Bernheim at 90: Happy Birthday to our historic fire tower

By Bernheim

Constructed in 1929, the Fire Tower was the first structure built at Bernheim.

Three years ago I wrote a blog for this website about Bernheim’s historic fire tower.  Today the tower joins Bernheim in turning 90 – July 13 marks the day when construction of the tower was completed and it was put into service. So, today was a good time to revisit the structure that has been so important in the history of Bernheim Arboretum and Research Forest.

At that time Bernheim was very new and the plans to transform Isaac W. Bernheim’s dream into reality was just beginning to take shape.  There was in fact no forest.  Only abused farm land with a handful of mature trees and most of the land covered by weeds and brush.  It was not even referred to as a forest but rather was called the Bernheim Estate — though there were never plans for any member of the Bernheim family to reside there.  The budget for improvements was painfully small.  No roads had been built and travel was restricted to primitive dirt trails.  No new buildings had been constructed and the proposed arboretum remained a far distant project for which no location or design had been selected.  The work force consisted of a small number of local farmers and distillery workers who were in need of employment.

I.W. Bernheim (center) pictured at the fire tower in 1931.


Despite these challenges, Isaac Bernheim was determined that his great project get off to a solid start.  A fire tower was ordered from the Aermotor Windmill Company of Illinois.  It arrived in pieces by train and was hauled to the top of Ledgerock Knob (a name given by its previous owner and soon to be forgotten) and assembled.  At 921’ above sea level, the knob possessed a commanding view of the land for many miles in each direction.  The tower is 48’ tall and with the total elevation of 969’ the skyline of Louisville and the hills of southern Indiana can be viewed during favorable conditions.

Photo found in Bernheim archives. Date unknown.

The tower looked then very much as it does now.  The first improvement was to install windows at the top to provide protection from the weather.  Next, the original wooden steps were replaced with metal ones.  Many years later a fence was built to enhance security.

The work of watching for fires started immediately.  A telephone was installed in the tower and was connected to the Headquarters Building located along what is now KY Highway 245 near the community of Hobbs and also to several old farm houses on Bernheim property that were now occupied by Bernheim employees.  One of the employees would be assigned to lookout duty in the tower whenever the danger of fire was considered high.  There were many fires over the years but a comprehensive list has not been preserved.  Many of those fires were started on neighboring land by farmers burning trash and brush.  Others were located along Bernheim’s northern border where coal fired locomotives from passing trains threw hot cinders onto the surrounding land.  Still others were the result of lightning strikes.  The tower continued to be manned by Bernheim employees for many years.  The Kentucky Division of Forestry provided assistance starting in the mid-1950s and installed a radio in the tower.  The tower was a vital link in Kentucky’s network of 165 fire towers.  It remained in service until 1980 when, like other towers in the region, its mission was assumed by trained observers in small planes.  Most of Kentucky’s fire towers were torn down when no longer being used and only about two dozen are still standing.  The only other fire tower in Kentucky to offer visitor access is at Cumberland Falls.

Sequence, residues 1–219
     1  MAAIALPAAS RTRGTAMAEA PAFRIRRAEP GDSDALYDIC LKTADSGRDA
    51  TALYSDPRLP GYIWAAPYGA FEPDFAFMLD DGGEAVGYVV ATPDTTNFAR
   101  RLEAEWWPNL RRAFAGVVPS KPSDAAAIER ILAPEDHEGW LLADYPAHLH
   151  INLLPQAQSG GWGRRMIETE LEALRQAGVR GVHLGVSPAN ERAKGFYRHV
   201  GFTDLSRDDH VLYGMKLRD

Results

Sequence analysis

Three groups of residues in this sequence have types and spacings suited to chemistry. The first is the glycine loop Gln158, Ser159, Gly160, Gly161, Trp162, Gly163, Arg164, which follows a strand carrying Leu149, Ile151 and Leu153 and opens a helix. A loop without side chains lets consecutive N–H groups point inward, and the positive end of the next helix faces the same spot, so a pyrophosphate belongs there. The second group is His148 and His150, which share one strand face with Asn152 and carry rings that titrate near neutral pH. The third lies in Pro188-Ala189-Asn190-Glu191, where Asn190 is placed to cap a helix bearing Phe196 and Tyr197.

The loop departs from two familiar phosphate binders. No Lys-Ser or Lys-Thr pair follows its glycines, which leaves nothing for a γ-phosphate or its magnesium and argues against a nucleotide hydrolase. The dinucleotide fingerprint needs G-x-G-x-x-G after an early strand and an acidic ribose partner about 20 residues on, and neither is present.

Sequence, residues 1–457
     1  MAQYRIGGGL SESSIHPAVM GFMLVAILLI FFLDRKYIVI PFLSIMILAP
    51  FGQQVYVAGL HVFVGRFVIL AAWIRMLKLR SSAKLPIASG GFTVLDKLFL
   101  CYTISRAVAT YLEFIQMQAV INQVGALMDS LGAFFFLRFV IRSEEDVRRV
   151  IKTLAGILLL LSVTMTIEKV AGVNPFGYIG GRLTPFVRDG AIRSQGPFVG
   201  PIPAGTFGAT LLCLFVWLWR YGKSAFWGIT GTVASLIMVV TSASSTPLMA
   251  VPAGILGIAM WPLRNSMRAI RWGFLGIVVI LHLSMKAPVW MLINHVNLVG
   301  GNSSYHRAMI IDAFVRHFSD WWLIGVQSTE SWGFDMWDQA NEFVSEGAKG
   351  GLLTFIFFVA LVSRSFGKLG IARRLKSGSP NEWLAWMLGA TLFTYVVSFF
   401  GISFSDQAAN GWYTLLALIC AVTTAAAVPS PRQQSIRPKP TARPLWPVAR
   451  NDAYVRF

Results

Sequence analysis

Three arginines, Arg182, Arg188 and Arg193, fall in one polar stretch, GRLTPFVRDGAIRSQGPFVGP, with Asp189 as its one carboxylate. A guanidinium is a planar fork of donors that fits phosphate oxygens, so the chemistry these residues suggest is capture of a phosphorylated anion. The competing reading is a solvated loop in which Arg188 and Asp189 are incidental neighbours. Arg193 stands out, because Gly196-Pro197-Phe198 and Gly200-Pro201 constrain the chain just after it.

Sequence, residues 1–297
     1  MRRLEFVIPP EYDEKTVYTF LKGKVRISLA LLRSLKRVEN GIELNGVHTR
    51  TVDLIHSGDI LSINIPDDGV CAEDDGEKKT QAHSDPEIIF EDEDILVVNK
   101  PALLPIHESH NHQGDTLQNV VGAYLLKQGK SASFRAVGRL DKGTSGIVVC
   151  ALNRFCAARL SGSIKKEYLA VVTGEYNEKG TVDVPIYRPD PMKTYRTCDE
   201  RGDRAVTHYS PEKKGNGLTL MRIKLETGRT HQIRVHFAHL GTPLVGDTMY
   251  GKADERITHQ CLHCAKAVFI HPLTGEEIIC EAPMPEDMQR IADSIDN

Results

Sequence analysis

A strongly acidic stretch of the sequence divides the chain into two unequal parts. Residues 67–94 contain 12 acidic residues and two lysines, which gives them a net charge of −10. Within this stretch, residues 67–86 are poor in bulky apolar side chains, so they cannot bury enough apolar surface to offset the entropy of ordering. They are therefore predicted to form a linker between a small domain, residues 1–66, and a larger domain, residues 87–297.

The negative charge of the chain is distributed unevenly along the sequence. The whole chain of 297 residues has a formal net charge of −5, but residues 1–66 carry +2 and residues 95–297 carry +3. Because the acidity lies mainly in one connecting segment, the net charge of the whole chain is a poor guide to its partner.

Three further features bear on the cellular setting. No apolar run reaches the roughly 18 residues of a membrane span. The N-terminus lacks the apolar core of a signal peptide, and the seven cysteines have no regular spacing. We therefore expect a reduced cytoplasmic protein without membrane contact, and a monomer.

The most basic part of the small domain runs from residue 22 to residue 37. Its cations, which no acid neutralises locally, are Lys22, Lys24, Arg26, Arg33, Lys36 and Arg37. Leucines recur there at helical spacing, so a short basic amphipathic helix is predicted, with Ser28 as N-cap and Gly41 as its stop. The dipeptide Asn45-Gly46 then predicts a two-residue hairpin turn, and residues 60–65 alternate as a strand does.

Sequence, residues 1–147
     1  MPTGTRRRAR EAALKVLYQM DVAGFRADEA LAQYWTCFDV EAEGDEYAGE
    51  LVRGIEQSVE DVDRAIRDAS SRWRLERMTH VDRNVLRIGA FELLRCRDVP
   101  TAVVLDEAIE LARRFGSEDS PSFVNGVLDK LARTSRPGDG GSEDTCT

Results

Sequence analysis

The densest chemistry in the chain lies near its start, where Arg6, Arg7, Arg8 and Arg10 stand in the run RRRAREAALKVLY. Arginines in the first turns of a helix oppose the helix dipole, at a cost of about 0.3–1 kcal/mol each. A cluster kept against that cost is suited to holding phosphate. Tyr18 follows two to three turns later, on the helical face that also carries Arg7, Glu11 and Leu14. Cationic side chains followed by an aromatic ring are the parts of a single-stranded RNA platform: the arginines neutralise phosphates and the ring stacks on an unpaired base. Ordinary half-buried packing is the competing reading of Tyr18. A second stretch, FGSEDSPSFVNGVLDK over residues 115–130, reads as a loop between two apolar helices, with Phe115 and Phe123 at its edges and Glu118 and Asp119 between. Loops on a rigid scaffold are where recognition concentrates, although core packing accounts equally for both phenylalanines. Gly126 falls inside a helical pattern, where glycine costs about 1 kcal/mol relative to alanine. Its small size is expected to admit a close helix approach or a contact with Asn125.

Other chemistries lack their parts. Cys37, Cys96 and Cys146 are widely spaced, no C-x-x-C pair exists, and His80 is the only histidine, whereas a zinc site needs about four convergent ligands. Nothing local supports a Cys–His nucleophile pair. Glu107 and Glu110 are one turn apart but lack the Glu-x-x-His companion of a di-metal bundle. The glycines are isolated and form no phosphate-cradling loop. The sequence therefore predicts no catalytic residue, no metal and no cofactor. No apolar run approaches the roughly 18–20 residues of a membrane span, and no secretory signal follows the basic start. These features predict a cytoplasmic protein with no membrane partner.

Bernheim was the backdrop of a Thin Mints Girl Scout cookie box in the mid 1970s. The fire tower was featured on the back of the box. Pictured is long time ranger Stanley Chester.

Now the tower welcomes Bernheim visitors to come and observe stunning views of the forest and the surrounding area.  The tower is usually open on weekends when weather permits and also during the spring and fall breaks for local schools.  Additional days are added in the fall to allow views of the colorful foliage.

Danielle, Assistant Fire Tower Guide (and granddaughter of author Ken Jonhson), with her official credentials.

Make a trip to the top of the tower a part of your visits to the forest.  Celebrate their shared birthday and that magnificent view.

The fire tower is scheduled to be open Saturday and Sunday 1 – 4 p.m. throughout the summer. Please call (502) 955-8512 for any last minute schedule changes.

Ken Johnson, Volunteer Naturalist


In 2019, Bernheim celebrates 90 years of connecting people with nature. At over 25 square miles, Bernheim is the largest privately held forest dedicated to conservation and education in the region. Our arboretum is home to plant collections of over 8,000 varieties, public art, and educational programming for thousands of students.  Our pristine forest hosts hikers and outdoor adventures alongside research and conservation projects which will serve to protect the environment for future generations.

As a 100% member and donor supported organization, we could not fulfill this important mission without you. We hope you’ll continue to support our efforts throughout the next 90 years.  Join or donate by clicking here.

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